The ice atop Mount Everest took roughly 2,000 years to form and about 25 years to melt, according to a new study, which suggests that even one of the highest glaciers on the planet is retreating as a result of climate change. Researchers traveled to the highest glacier on the world's tallest peak in 2019 in what became a record-setting expedition. They not only discovered the highest altitude microplastic on land at 8,440 meters above sea level, but retrieved the highest altitude ice core from the South Col Glacier at 8,020 meters and installed the two highest automatic weather stations, with the highest at the "Balcony" ridge at 8,430 meters. The "death zone" data shows that since the late 1990s, the South Col Glacier has retreated about 80 times faster than it formed, per CNN.
The snowpack went first, perhaps beginning in the 1950s, and with it the glacier's ability to reflect radiation from the sun. That dramatically sped up the melting, with the ice losing about 180 feet of thickness—or half of its mass—over the last 25 years, per CBS News and National Geographic. The ice at the surface of the core was found to be roughly 2,000 years old. "We have the evidence that even the highest glacier on the highest mountain in the world is rapidly losing its ice," Paul Mayewski, director of the Climate Change Institute at the University of Maine and lead author of the study published in Nature Portfolio Journal Climate and Atmospheric Science, tells NatGeo. "It's a real wake-up call."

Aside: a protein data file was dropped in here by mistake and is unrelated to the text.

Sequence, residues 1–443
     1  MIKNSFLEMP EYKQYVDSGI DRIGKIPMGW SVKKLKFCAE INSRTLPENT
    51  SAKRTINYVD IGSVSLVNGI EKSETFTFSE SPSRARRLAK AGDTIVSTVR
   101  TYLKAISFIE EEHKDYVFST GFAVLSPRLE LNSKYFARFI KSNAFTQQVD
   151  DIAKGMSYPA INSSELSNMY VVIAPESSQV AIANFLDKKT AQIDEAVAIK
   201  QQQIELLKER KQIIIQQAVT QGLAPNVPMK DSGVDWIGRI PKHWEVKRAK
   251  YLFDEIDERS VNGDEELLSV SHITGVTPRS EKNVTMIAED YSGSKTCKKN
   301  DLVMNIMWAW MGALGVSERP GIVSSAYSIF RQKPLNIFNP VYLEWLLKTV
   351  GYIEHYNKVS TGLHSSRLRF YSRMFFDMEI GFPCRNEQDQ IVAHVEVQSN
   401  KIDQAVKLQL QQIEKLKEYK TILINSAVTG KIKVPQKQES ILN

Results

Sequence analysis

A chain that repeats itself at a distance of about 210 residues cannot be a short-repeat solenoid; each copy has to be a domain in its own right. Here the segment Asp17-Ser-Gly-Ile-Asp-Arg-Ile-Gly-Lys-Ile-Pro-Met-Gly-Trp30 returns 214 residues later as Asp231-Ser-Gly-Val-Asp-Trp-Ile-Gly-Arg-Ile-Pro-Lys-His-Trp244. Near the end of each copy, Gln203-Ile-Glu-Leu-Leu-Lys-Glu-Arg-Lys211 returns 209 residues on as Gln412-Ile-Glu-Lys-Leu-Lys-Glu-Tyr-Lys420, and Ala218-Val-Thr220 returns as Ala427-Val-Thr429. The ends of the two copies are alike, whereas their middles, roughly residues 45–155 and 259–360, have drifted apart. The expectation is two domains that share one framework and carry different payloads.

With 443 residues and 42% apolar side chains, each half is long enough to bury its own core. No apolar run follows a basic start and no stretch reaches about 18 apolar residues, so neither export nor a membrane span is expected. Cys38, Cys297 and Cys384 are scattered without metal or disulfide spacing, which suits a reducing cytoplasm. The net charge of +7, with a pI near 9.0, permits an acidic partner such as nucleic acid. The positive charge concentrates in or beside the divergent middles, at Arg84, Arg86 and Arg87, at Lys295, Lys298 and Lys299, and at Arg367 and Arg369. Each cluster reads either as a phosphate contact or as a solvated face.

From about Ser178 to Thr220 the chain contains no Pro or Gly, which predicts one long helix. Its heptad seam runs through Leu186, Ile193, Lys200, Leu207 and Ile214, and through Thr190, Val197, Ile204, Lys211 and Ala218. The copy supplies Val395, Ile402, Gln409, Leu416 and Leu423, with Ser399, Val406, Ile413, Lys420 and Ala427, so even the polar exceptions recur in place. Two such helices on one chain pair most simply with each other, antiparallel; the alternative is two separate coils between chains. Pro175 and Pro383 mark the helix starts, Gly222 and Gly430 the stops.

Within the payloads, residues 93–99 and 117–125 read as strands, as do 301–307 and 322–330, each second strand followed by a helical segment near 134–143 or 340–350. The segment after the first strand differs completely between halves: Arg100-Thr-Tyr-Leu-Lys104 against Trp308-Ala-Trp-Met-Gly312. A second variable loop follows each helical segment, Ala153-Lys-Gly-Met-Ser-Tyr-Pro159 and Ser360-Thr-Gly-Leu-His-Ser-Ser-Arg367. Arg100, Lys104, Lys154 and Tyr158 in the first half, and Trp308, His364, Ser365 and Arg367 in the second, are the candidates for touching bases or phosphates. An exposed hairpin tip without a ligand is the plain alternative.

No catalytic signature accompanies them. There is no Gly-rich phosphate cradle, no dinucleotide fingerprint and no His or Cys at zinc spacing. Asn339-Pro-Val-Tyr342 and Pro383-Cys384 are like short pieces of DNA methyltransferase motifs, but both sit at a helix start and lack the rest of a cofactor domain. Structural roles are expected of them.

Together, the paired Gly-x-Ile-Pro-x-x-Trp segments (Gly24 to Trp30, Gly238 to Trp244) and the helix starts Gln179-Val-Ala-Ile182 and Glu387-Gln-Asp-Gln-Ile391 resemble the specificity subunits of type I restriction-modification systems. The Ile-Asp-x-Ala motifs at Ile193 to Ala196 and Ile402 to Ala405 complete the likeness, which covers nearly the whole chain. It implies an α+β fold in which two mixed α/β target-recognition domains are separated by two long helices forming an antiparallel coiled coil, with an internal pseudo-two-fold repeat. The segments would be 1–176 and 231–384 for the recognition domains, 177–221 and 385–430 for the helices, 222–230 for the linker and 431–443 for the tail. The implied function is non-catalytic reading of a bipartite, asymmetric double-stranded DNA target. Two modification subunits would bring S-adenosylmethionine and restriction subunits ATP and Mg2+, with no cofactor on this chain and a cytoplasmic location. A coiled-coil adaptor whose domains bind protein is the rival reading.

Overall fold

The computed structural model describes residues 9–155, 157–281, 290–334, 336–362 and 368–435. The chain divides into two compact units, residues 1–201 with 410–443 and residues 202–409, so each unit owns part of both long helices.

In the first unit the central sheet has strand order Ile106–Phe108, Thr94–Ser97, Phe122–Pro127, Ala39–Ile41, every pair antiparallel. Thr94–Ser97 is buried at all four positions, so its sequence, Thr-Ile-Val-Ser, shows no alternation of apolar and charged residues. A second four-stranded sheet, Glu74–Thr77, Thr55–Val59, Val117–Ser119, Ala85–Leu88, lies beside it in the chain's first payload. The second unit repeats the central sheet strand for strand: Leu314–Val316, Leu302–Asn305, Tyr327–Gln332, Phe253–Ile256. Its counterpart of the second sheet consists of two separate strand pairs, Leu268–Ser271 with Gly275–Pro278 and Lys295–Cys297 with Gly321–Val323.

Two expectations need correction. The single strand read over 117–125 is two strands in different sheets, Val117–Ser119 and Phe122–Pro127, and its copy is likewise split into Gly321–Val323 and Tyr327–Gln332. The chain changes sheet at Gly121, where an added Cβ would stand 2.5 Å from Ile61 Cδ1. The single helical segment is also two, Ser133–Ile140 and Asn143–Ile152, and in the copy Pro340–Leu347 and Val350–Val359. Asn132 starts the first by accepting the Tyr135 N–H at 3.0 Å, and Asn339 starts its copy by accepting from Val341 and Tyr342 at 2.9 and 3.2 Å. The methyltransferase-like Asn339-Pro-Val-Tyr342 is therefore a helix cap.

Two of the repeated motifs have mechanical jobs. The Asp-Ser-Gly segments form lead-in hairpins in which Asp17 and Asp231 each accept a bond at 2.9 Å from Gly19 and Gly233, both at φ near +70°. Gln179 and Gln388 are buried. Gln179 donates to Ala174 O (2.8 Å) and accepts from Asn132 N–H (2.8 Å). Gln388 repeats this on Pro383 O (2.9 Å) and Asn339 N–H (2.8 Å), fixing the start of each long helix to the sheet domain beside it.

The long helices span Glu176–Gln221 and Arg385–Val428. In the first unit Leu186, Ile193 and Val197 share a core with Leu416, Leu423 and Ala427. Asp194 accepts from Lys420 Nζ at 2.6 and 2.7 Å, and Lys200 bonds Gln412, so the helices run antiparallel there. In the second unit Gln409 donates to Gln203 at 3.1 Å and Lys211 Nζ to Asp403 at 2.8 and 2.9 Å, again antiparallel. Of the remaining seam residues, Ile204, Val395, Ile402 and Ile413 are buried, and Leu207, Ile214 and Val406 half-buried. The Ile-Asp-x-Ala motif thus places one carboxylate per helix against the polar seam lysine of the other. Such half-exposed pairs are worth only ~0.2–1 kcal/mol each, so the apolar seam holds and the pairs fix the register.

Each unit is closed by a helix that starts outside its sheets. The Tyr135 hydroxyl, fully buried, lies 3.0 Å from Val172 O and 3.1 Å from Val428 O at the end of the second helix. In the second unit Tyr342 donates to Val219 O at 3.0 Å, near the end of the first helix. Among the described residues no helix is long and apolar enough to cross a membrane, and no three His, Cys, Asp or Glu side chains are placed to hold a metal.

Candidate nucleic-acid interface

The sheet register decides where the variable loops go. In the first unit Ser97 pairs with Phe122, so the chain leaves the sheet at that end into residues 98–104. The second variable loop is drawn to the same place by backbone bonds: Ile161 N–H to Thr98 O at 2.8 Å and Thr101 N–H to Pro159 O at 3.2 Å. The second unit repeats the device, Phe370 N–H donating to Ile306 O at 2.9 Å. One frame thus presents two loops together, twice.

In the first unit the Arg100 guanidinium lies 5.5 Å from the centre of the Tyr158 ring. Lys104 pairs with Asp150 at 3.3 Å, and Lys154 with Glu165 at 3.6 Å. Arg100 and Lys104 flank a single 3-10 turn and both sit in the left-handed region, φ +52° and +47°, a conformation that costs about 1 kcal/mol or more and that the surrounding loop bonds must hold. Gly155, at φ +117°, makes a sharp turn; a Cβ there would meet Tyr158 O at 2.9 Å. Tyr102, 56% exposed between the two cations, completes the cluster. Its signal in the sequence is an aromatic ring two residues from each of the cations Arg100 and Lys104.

He adds "it’s a complete change from what has been experienced in that area, throughout probably all of the period of occupation by humans in the mountains," per CNN. And "climate predictions for the Himalayas suggest continued warming and continued glacier mass loss," says U of Maine glaciochemist Mariusz Potocki, who collected the ice core, per CBS. Indeed, as NatGeo reports, the entire South Col Glacier could disappear by the middle of this century, threatening those communities that rely on it for drinking water and irrigation. "Polar bears have been the iconic symbol for warming of the Arctic and the loss of sea ice," says Mayewski. "We're hoping that what's happened high up on Everest will be another iconic call and demonstration." (The scale is global.)